To be a bit cliché, this shoemaker is a professional Web Developer and her child is this blog, but it was past time to launch what I have of a new design. All the content is still here, everything else is a work in progress (kind of like most of my sewing projects)!
Yesterday, I turned 26. I don’t recall ever thinking about myself at 26 when I was younger—I don’t tend to imagine myself at such-and-such age in the future. But, I am pretty confident that my teenage self wouldn’t have imagined me quite like this.
I live in New York, and didn’t return to the Midwest after graduating college.
Carl and I have been together for five years come August. We own a house. And a dog. And things like bedroom furniture.
I’ve determined that my mom can no longer blame me for her grey hairs, because I found one the other day and I don’t have kids to blame.
I quilt. I’m addicted to quilting and making other things with fabric. July marks two full years that I’ve been quilting, although I’ve been sewing for probably 20 or more, now.
The exhibit is a collection of textile scraps left in the Foundling Hospital’s 18th century records about the abandoned children in their care.
In the cases of more than 4,000 babies left between 1741 and 1760, a small object or token, usually a piece of fabric, was kept as an identifying record. The fabric was either provided by the mother or cut from the child’s clothing by the hospital’s nurses. Attached to registration forms and bound up into ledgers, these pieces of fabric form the largest collection of everyday textiles surviving in Britain from the 18th Century. Read more about the exhibit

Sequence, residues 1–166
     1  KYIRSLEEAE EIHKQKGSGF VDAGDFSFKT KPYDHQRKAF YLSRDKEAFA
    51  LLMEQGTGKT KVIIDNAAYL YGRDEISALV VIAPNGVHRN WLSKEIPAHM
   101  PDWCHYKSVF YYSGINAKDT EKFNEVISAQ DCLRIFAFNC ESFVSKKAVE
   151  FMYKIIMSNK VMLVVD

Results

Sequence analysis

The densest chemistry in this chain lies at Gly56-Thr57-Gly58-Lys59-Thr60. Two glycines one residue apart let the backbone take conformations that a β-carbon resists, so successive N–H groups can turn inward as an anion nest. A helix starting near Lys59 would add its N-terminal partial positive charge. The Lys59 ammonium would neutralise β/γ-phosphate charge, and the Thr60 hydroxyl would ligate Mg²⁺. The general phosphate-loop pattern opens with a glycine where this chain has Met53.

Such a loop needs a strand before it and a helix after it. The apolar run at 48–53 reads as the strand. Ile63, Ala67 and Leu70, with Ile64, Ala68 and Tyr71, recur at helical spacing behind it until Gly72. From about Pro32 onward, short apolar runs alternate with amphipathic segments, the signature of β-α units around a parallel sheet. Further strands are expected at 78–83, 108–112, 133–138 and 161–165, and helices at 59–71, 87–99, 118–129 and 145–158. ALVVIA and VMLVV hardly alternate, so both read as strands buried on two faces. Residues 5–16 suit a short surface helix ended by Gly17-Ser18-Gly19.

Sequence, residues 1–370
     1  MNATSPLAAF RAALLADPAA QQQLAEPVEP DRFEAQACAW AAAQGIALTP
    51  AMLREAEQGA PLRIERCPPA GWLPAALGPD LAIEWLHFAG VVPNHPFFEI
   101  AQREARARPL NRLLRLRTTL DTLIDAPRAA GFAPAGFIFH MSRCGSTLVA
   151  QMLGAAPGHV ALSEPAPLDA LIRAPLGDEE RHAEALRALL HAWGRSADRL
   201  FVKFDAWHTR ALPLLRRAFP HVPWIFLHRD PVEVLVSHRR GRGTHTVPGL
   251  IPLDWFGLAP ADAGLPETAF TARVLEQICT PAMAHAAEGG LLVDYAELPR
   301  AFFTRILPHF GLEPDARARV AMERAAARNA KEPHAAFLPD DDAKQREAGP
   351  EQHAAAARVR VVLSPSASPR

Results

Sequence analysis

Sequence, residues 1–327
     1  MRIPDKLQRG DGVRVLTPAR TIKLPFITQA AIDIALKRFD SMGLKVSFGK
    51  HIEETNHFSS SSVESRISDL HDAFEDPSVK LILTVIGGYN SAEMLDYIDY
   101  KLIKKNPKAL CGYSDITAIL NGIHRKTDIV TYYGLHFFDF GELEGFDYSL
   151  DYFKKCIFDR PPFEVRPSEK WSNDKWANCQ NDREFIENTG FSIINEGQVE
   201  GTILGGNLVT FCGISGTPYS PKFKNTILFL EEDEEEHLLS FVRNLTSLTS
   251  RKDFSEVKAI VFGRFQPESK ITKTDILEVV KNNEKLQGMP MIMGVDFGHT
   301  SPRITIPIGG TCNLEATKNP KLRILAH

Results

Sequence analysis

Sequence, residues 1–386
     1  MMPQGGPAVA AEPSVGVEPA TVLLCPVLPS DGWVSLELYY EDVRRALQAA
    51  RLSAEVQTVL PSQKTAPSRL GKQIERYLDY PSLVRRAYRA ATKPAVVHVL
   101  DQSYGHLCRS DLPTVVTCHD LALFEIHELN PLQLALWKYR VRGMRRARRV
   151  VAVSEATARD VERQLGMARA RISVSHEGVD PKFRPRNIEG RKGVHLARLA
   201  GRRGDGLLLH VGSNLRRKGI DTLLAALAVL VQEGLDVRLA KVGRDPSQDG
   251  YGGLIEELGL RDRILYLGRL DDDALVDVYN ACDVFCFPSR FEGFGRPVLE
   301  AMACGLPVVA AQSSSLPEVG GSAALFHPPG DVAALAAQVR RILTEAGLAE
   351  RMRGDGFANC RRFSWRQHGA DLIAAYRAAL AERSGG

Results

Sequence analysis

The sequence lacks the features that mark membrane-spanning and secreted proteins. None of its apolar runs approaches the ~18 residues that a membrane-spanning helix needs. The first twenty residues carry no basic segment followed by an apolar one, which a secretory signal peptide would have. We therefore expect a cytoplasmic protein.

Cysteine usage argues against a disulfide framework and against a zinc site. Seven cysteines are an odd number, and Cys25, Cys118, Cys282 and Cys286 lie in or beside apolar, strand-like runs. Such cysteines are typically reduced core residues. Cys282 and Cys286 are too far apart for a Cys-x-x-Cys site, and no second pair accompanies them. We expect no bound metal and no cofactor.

If you’re in, or visiting, London, the show is open until March 6, 2011.
Three centuries of historic threads help illuminate the lives of the men and women who once wore the clothing in this exhibition. From attending formal balls to getting dressed for bed, the antique clothing in the collections of the Art Museums of Colonial Williamsburg tells the story of daily life. Clothing that once hung in wardrobes and lay piled in trunks is on display here for the eyes of a new century.
They haven’t yet launched the full exhibit; only formal clothing and accessories are currently available, but even that is quite interesting. The online exhibit is part of Fashion Accessories from Head to Toe: 1600 to 1840, which runs in Colonial Williamsburg January 28, 2011–December 31, 2012.
It just closed at the Cincinnati Art Museum, which owns most of the pieces in the show.
If you can’t wait for June—or don’t live near Utica—a book of the same title is available. The book is authored by Cynthia Amneus, the associate curator of costume and textiles at the Cincinnati Art Museum; Sara Long Butler, Professor of Costume Studies at Miami University in Ohio; and Katherine Jellison, Associate Professor of History at Ohio University. It’s on my wishlist, but I haven’t yet looked through a printed copy.
If you happen to know if it’s opening at another museum in between Cincinnati and MWPAI, let us know in the comments.